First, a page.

"Planting food plots is always a good idea, especially if you plant crops that will be ready for the late season," he said. "To my way of thinking, this is a prime time of the season to hunt food plots. By December, food for deer can begin to get scarce. If you're hunting areas with fall-planted crops such as wheat and rye, then look for these areas to begin to produce excellent results during the post-rut time frame. This is one of the best places to see deer now and really throughout the winter.

"If you're looking for meat in the freezer, odds are very good for seeing hefty doe deer early and late in the day. But also, bucks are often tempted to feed before dark. If you can avoid getting trigger-happy, let the does come out and feed, and often, just at last light, that big antlered buck may step out for a patient hunter."

Geddings said clear-cuts that have been replanted in pines and are three to six years old are another kind of spot that begins to produce late in the season.

"These thick, gnarly areas are places deer love to frequent during this time of the year," he said. "The vegetation is usually as high as or higher than their heads, which makes them feel safe. On those cold December mornings, you can expect to see deer move into the areas where the sun splashes down - the sloped areas or fields with a southern exposure are the prime ones."

Another key to Geddings' success is staying until it is absolutely dark when hunting in the afternoon. The later it gets within legal shooting time, the higher the odds of seeing deer.

"There's a time when it gets too dark to make out your target and you can't safely shoot," he said. "However, you can still use that time to your advantage. If you see a big-bodied deer, but it's too late to shoot, watch him and let him get out of the area before you get out of the stand. Then, you can be back there the next morning to perhaps see him when there is ample light - or you move your stand location back toward the direction he approached, giving you the opportunity to see him when there's enough light to shoot. Small things like this can lead to taking some huge bucks."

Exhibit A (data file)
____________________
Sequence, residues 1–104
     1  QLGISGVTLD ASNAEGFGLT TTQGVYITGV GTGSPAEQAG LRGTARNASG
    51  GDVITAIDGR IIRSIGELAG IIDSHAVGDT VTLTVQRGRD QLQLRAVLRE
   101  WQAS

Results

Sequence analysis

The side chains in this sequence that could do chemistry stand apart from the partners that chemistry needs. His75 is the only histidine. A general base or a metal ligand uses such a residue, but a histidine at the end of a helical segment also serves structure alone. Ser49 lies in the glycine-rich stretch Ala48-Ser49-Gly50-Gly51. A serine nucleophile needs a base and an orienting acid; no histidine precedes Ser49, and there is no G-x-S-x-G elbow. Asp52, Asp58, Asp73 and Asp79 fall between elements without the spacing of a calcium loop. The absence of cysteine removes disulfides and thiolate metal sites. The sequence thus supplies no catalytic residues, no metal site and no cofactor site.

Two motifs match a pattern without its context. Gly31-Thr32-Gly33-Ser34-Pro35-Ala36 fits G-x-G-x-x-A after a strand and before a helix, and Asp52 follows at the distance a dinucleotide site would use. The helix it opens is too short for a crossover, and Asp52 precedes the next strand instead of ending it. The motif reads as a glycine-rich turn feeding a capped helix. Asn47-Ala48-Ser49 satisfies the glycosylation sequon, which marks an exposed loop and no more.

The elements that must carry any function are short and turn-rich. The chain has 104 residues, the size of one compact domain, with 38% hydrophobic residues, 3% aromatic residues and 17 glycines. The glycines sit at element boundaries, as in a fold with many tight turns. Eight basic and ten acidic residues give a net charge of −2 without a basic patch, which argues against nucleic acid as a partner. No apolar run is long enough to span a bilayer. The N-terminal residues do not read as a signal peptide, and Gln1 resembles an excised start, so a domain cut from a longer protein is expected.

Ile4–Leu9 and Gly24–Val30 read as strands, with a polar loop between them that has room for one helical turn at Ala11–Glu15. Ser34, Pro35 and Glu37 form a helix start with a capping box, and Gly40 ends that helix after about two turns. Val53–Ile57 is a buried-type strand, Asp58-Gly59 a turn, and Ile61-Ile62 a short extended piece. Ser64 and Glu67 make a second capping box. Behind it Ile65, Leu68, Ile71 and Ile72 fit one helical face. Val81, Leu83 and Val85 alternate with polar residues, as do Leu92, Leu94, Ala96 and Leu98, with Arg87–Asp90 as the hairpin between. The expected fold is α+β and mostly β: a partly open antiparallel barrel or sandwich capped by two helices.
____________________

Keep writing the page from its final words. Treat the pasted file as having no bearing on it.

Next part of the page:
Cline said success during the late season is no different than any other time of the year. Hunters need a specific plan for the specific place they hunt.

"For consistent success, most of us need a game plan," Cline said. "I usually begin serious scouting for the upcoming season in the summer, but I keep scouting every time I'm hunting and change my plan accordingly. Knowing where the bucks are, where they are going, where they are coming from, when they're likely to come by, why they are in that spot are success keys. There's a reason for a buck's movement, and knowing the answers are essential to successful deer hunting, whether hunting with a bow or gun or whether it's early, rut or late-season.

"All the little things come together to help me see the big picture," he said. "And getting that late-season buck is the picture I'm seeking at this time of the year.